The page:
A note on journalling: this can encompass any creative writing, including blogs. Writing as a way of self-expression has always been incredibly healing for me. From boys and my long distance relationship, to friend and family quarrels, to my dad’s illness, there are a lot of heated topics within the spines of the many books I have filled over the years. Any time I have felt that I couldn’t shake off negative feelings, I found it helpful to write them down. Sometimes I learned things about myself that I didn’t realize prior, and sometimes it helped me to release the hurt in a tangible way and develop strategies to move forward productively. It even helps to read what I’ve written after the fact.
I have spent so much time discussing stress relief because stress is such a big factor in infertility. I plan to write a whole post on the topic of stress in the near future. I want to delve deeper into my ongoing experience with it and its impacts on many other aspects of health beyond fertility.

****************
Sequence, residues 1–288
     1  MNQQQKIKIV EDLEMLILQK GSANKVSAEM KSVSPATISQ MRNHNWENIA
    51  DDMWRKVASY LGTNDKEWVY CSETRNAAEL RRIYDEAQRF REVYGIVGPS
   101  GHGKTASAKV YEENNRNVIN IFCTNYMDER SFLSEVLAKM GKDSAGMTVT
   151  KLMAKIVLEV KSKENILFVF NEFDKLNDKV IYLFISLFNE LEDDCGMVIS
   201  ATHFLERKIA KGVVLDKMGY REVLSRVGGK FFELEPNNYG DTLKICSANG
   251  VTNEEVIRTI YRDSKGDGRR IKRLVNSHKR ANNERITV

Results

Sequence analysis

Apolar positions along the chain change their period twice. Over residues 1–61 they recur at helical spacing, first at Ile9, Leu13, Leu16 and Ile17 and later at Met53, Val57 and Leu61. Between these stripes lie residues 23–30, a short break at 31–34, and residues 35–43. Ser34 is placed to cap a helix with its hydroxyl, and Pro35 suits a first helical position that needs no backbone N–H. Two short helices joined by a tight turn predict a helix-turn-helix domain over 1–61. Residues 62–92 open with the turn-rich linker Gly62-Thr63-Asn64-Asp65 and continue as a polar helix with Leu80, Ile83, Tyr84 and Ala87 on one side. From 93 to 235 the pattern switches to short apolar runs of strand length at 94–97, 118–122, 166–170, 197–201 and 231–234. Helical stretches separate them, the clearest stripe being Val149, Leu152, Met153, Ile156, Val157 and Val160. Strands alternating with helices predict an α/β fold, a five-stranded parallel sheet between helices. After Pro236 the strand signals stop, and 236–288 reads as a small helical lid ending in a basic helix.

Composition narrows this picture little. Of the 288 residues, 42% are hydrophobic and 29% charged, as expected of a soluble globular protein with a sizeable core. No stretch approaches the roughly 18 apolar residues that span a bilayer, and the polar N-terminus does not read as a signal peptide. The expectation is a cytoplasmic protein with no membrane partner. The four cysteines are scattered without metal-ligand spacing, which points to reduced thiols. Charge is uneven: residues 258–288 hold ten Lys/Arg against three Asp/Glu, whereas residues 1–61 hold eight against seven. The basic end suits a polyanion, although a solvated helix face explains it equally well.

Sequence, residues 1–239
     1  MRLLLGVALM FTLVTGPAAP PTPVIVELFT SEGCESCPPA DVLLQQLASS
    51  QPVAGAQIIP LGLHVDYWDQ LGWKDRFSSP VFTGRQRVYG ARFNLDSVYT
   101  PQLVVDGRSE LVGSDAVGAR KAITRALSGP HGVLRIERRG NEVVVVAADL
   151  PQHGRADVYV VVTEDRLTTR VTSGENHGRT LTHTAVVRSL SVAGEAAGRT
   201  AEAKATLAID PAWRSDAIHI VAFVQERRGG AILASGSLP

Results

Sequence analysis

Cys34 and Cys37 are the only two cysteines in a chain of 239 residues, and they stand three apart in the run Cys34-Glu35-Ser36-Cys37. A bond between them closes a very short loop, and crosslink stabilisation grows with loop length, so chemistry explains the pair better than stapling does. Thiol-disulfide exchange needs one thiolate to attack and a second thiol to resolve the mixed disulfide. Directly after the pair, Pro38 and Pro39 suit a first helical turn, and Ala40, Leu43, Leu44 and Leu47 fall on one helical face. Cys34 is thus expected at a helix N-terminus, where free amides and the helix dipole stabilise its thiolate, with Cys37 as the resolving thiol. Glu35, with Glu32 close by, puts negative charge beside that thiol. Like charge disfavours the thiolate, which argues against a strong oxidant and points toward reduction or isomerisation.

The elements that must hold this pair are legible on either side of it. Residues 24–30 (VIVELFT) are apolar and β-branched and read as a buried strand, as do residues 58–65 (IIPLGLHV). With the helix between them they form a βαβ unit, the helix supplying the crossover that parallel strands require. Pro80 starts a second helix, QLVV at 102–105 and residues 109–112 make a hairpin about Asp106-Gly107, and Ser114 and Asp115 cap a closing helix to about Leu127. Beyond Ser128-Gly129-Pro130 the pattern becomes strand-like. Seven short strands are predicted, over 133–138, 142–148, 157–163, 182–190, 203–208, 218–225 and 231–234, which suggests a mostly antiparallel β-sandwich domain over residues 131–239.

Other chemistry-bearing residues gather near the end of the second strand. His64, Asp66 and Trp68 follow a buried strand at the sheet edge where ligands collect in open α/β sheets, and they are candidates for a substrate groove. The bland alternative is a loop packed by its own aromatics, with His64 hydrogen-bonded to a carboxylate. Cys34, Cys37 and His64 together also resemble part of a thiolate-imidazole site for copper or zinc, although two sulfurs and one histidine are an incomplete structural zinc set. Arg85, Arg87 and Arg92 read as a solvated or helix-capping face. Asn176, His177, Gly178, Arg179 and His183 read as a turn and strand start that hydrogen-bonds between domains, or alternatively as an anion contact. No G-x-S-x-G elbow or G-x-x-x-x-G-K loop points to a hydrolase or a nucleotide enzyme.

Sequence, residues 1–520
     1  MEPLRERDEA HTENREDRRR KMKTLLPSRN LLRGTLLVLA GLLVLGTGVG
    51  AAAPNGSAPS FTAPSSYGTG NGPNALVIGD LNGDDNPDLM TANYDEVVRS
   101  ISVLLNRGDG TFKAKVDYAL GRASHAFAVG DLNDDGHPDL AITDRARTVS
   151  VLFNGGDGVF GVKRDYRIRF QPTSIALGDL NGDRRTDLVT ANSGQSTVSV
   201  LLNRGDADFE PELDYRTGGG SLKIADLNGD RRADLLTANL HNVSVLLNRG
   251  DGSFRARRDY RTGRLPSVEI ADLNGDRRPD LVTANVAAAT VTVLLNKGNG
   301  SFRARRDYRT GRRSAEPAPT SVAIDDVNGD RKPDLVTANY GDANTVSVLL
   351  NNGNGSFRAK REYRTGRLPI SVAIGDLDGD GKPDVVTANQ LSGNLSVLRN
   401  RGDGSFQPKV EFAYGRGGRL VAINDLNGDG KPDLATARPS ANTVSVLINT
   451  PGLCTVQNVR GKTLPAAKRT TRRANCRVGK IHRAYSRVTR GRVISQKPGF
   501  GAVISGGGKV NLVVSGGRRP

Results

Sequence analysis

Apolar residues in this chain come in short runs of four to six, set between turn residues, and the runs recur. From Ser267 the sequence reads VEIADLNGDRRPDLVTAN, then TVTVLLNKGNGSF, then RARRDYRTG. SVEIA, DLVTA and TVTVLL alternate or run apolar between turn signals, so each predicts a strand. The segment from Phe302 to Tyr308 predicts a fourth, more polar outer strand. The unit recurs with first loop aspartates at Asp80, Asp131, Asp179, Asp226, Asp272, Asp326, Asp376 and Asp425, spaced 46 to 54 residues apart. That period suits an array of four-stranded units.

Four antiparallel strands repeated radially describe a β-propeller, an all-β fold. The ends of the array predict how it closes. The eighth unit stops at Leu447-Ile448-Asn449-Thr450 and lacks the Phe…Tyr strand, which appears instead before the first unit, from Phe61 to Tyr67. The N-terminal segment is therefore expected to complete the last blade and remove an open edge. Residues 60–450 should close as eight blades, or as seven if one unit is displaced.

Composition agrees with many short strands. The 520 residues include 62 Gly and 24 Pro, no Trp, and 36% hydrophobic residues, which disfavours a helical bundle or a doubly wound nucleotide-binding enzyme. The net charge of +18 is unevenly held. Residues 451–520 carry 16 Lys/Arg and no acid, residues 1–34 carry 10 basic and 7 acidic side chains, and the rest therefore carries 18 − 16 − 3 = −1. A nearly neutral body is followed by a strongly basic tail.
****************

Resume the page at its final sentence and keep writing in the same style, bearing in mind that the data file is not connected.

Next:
Bioavailable progesterone cream– I feel the need to explain myself on this one. My mom was diagnosed as having low progesterone during her second pregnancy, which caused her to have a miscarriage. Therefore, during her third pregnancy (with my brother) she was taking it supplementally. She was told that she wouldn’t be able to conceive again without it. Well, that was incorrect because she got pregnant with me, but then she was put back on it as a precaution to prevent miscarriage. So when I began to have difficulties with conceiving and had read about the link between low progesterone and stress, I took it upon myself to diagnose myself with the same problem (I know, I’m not a doctor). I bought bioavailable progesterone cream on Amazon from a reputable source and began using it in the second half of my cycle. I would pump it directly on to the inside of my forearms (didn’t touch it with my hands) and rub it in to the insides of my thighs as instructed. Once I got pregnant, I continued to use it until week 20 of pregnancy when the placenta is supposedly fully formed.